LUKE 2. 33-35
The child‟s father and mother were amazed at what was being said about Jesus. Then Simeon blessed
them and said to his mother Mary, “This child is destined for the falling and the rising of many in Israel,
and to be a sign that will be opposed so that the inner thoughts of many will be revealed – and a sword will
pierce your own soul too”.
The poet Edgar Allan Poe wrote these words:
Because I feel that, in the Heavens above, the angels, whispering to one another, can find, among their burning terms of love, none so devotional as that of “Mother”. On Mothering Sunday we often get wrapped up in the people we identify as „mum‟ or „grandma‟ or other such caregivers that have had a biological or legal duty towards us, but
I feel it is in fact much more than that.
Historically, Mothering Sunday was a festival when domestic workers were given time off to visit their mother church, the church where they were baptised. It would often be the only time that young people would get to return to their families and, as such, it evolved to be a celebration of family links. Advertisements and supermarkets would have us believe that this time is simply a well placed day to spoil mum with fresh spring flowers. But some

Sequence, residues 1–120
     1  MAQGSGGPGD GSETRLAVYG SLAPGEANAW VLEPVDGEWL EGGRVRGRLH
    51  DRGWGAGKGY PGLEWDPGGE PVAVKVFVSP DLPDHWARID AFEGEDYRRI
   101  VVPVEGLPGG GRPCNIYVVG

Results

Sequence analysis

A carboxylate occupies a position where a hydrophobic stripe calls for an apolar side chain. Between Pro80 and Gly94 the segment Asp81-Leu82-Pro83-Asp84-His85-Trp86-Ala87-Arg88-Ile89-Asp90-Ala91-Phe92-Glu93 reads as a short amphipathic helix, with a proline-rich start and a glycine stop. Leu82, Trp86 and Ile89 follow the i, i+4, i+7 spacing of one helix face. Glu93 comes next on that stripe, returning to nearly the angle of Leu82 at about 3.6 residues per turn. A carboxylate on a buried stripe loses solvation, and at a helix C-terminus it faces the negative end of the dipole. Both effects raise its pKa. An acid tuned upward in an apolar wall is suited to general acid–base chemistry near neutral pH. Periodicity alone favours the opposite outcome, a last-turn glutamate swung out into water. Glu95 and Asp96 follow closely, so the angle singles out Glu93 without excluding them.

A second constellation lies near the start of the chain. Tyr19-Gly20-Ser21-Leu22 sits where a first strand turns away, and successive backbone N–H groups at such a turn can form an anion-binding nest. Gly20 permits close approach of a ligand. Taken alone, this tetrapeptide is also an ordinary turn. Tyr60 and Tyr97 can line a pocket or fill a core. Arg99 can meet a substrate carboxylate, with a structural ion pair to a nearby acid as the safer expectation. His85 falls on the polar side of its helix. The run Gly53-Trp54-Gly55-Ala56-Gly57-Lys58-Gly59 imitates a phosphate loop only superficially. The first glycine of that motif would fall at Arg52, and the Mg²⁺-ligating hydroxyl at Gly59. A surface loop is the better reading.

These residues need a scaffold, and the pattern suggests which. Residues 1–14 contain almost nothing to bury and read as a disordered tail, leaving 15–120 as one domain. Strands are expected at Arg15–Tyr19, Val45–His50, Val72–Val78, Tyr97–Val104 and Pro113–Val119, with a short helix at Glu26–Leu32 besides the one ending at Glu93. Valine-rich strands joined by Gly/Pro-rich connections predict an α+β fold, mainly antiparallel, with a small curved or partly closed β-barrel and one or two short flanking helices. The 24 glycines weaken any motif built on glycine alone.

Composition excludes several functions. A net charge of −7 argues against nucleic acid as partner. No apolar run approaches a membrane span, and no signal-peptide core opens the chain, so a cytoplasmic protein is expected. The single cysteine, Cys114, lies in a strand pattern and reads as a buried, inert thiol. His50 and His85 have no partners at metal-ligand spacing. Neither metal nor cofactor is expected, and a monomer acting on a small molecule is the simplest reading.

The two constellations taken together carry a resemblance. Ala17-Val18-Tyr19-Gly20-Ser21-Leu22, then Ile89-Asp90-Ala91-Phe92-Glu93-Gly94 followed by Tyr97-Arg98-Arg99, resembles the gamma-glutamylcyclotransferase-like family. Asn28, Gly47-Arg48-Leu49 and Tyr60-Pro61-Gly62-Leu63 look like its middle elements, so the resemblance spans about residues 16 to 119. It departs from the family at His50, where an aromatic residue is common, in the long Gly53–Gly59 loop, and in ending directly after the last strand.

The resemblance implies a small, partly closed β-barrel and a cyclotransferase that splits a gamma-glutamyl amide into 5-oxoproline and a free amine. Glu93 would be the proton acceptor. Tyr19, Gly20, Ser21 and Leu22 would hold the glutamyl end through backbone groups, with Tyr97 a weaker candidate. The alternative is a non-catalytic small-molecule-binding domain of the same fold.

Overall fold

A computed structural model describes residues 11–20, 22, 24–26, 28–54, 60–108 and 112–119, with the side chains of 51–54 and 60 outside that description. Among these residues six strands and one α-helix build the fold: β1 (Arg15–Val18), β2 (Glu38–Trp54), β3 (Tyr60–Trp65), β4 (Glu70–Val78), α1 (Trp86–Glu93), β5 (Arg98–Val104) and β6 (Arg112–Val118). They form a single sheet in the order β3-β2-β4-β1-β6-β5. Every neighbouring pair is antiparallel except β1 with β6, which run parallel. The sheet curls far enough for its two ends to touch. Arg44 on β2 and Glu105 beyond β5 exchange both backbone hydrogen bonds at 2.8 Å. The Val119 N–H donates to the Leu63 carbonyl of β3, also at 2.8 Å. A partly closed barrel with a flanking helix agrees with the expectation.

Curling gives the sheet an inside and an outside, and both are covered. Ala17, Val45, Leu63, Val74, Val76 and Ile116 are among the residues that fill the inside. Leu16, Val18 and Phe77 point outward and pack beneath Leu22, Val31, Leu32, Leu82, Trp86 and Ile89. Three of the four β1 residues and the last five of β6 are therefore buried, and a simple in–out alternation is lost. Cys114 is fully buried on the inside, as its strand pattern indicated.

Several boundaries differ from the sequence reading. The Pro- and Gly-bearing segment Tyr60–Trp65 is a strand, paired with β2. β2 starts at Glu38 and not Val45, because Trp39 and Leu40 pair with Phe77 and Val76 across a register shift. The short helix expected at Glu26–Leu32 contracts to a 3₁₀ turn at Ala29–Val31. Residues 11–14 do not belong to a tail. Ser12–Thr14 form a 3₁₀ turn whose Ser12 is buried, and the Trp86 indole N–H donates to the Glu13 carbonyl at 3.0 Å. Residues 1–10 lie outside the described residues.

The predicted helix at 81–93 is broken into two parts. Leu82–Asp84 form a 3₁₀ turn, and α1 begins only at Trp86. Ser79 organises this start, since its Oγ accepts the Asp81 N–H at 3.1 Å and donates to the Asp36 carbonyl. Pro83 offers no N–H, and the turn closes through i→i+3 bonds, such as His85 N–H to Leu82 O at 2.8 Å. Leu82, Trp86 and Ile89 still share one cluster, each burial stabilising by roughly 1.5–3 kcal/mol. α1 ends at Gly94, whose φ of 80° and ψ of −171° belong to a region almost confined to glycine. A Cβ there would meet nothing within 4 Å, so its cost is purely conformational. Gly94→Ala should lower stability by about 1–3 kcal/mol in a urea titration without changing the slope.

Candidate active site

people may no longer have a mum, grandma, aunty etc. These people may have passed away or they may have been left behind for one reason or another. And I cannot adequately sum up the sense of loss that this might bring.
If we think deeper into what we mean by „mother‟ and look beyond our relatives, caregivers and even beyond the female persona, you can easily start to identify the ways in which our God mothers us. „Mum‟ is special and whoever you most identify in this role will always have a place in your heart. But if we take the time to add our God into that special place too, then we will always carry his devotion and love with us. God‟s love is a love that is sacrificial. And at this time of year, as we approach Easter we can identify this sacrifice in the example of Jesus. He shows that we are so loved, he is prepared to die for us and at Easter that is made very clear with his crucifixion.
We are all part of God‟s family. He is devoted to us as his children and we in turn should be able to embrace all God‟s children and welcome them with a love which is „motherly‟. I pray that as we celebrate motherly love here today, we do so with the intention of giving thanks for those who have shown love to us. And as we go about our lives this week let us
pray that we will show motherly love to all God‟s children in the same way that he does.